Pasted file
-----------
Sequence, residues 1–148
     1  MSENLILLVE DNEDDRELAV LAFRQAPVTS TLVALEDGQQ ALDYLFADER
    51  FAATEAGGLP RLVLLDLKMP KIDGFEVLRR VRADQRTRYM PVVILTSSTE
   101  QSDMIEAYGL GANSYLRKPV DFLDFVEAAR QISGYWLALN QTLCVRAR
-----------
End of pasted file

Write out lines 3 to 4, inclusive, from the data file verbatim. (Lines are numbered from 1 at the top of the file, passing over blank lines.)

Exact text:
    51  FAATEAGGLP RLVLLDLKMP KIDGFEVLRR VRADQRTRYM PVVILTSSTE
   101  QSDMIEAYGL GANSYLRKPV DFLDFVEAAR QISGYWLALN QTLCVRAR